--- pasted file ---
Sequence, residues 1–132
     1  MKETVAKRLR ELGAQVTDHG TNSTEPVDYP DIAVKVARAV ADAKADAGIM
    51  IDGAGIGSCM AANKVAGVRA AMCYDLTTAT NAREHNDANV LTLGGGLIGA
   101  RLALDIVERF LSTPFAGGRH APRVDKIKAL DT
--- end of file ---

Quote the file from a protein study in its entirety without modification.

Sequence, residues 1–132
     1  MKETVAKRLR ELGAQVTDHG TNSTEPVDYP DIAVKVARAV ADAKADAGIM
    51  IDGAGIGSCM AANKVAGVRA AMCYDLTTAT NAREHNDANV LTLGGGLIGA
   101  RLALDIVERF LSTPFAGGRH APRVDKIKAL DT